This idea came from Сніжана Король, who successfully dyed eggs with green dye made of red tulips. Don’t be surprised, it’s quite common for fresh red flowers to dye eggs green. I must say, the tulip dye dyes surprisingly well and surprisingly fast, smells a bit like raw potato, and we’ll have to wait and see about the light-fastness.
Now, the recipe. I didn’t have red tulips, so I bough some in the store (was looking for as dark a red as possible), and enjoyed them till they wilted.
Took the flowers, chopped them with scissors, did not soak them (though you could try, it’s generally recommended), covered with 500ml of hot water and cooked in a pot for about 20 min. at more or less boiling temperature. Let them cool, strained the petals and threw them out, added alum and the dye was ready. The dye gave much even tone on an egg wiped with vinegar before dyeing, so I would recommend that.
The book I have on dyeing fibres with plant dyes suggested that adding alum with vinegar, or, optionally iron, would produce different colors. As you might already know, it doesn’t always work the same for eggs. After playing a bit with the basic alum recipe, I split the dye into two cups, and added a gulp of vinegar into one, and iron mordant into the other. Not recommended, both of these.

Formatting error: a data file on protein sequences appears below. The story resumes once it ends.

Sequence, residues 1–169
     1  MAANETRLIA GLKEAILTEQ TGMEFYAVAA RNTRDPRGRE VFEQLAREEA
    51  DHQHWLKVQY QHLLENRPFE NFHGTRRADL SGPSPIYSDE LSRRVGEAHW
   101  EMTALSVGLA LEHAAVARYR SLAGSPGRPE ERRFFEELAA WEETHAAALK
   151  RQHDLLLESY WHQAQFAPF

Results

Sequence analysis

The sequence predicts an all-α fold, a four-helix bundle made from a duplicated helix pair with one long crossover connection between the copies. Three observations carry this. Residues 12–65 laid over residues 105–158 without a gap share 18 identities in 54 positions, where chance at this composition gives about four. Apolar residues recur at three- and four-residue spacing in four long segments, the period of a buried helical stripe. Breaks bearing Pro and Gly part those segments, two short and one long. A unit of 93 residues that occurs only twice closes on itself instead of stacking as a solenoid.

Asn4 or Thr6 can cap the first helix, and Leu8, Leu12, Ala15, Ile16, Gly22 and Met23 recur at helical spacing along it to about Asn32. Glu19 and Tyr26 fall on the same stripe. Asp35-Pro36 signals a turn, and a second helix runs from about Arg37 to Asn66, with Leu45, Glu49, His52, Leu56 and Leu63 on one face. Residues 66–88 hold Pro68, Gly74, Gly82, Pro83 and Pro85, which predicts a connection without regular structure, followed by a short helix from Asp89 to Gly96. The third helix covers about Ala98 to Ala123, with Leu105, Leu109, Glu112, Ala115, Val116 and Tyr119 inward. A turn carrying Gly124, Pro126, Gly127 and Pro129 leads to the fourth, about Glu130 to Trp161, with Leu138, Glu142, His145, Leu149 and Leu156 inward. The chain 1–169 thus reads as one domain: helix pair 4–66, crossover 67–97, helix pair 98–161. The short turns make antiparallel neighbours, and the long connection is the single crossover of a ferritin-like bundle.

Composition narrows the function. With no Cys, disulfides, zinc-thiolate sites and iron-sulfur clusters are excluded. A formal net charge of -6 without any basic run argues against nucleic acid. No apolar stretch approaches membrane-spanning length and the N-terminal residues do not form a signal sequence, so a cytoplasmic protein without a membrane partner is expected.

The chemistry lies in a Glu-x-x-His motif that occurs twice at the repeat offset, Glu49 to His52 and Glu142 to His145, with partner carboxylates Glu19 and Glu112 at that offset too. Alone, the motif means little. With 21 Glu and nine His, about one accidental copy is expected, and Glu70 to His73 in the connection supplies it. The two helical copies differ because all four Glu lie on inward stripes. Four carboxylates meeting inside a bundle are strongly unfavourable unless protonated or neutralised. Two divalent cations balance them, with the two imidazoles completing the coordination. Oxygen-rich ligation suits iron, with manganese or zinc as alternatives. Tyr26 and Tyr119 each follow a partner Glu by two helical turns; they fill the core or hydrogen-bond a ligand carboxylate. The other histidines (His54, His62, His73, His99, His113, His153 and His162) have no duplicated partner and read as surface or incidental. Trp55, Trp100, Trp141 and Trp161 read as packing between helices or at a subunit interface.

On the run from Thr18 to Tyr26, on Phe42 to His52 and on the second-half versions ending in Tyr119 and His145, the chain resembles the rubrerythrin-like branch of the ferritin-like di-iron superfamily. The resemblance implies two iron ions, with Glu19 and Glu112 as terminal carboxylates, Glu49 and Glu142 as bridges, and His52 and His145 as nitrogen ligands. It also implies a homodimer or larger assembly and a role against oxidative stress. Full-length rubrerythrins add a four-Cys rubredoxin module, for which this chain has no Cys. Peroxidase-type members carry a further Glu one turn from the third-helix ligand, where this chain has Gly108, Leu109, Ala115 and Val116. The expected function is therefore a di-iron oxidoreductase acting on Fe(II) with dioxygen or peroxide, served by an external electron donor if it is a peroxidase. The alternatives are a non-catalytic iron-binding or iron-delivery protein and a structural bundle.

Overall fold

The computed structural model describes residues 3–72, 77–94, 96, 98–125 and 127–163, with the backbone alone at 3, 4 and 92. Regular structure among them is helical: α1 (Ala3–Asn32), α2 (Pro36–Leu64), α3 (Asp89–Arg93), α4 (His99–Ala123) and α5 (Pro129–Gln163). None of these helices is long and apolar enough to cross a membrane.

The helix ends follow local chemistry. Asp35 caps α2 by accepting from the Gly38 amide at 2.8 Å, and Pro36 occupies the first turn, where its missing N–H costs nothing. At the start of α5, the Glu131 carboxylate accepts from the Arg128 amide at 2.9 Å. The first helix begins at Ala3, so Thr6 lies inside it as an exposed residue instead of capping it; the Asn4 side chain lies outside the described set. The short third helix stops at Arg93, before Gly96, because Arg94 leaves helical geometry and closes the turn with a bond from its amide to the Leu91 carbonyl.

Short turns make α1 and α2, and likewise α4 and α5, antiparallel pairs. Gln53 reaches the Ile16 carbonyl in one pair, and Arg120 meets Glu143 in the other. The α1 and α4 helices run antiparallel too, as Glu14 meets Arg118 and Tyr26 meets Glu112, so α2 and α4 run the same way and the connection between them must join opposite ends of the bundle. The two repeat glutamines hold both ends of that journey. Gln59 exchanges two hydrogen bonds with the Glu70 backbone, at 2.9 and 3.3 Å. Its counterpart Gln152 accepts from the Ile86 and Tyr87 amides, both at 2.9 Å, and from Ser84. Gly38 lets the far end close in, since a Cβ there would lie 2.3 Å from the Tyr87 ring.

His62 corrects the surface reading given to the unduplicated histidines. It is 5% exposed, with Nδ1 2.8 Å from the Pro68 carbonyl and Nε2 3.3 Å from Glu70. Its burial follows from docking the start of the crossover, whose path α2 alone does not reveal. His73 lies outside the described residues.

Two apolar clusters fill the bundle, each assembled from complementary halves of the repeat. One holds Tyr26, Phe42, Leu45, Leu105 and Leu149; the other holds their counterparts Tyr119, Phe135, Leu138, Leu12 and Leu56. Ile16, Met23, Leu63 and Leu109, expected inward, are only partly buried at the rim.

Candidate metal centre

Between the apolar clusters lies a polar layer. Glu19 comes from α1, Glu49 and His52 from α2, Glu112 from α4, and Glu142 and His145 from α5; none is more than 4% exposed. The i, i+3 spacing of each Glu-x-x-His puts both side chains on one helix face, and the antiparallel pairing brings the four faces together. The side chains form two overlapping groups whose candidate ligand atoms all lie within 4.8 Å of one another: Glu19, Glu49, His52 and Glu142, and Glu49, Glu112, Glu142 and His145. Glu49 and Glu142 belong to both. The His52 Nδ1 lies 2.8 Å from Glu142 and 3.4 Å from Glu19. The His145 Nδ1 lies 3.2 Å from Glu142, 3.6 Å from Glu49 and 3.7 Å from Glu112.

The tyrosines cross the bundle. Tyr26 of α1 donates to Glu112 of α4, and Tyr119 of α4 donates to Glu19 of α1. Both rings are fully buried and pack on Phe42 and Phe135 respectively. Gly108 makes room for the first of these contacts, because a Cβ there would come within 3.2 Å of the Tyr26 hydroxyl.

Below, clockwise, from top (12) to bottom left (9):
- untreated chicken egg in a dye with alum, 10 or 15 min.
- dye with alum, chicken egg wiped with vinegar before the first coat of dyeing, first shade 10 min, next shade 1 hour, next shade about 12 hours. Beautiful (never mind my shaky hands, I’ve been doing so much of drop-pull, that the regular kistka is refusing to make even curves).
- brown chicken egg, dye with alum – not as even as white egg.
- goose egg pre-dyed yellow with old coreopsis – ok, but not as vibrant as white chicken.
- chicken egg, dye with alum and vinegar – became all spotty and coming off easily. Perhaps too much vinegar? Anyway, not recommended, no need to spoil a perfectly dyeing dye.
- chicken egg, dye with alum and iron
I have no more functional tulip dye left, so my tulip experiment is over for now, but there are still plenty of tulips around Toronto, so now it’s your turn. And yes, my book says that yellow tulips can give a yellow dye, and can also be supplemented with daffodils and narcissi. It says there to use the mordants for yellow that I don’t use (tin or chrome), but you could try just alum, and see what happens, anyway it is different on eggs than it is on fibres.